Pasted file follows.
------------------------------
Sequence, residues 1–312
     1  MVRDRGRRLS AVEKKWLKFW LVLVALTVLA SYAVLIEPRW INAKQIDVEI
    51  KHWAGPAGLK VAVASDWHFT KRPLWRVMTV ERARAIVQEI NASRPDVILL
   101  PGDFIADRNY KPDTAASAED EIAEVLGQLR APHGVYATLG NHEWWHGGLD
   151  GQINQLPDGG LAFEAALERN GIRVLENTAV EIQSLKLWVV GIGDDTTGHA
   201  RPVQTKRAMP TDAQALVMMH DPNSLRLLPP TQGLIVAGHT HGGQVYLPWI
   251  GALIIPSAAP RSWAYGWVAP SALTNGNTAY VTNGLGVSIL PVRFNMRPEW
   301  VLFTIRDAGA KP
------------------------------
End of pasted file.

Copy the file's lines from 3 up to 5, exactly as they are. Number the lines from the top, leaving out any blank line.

    51  KHWAGPAGLK VAVASDWHFT KRPLWRVMTV ERARAIVQEI NASRPDVILL
   101  PGDFIADRNY KPDTAASAED EIAEVLGQLR APHGVYATLG NHEWWHGGLD
   151  GQINQLPDGG LAFEAALERN GIRVLENTAV EIQSLKLWVV GIGDDTTGHA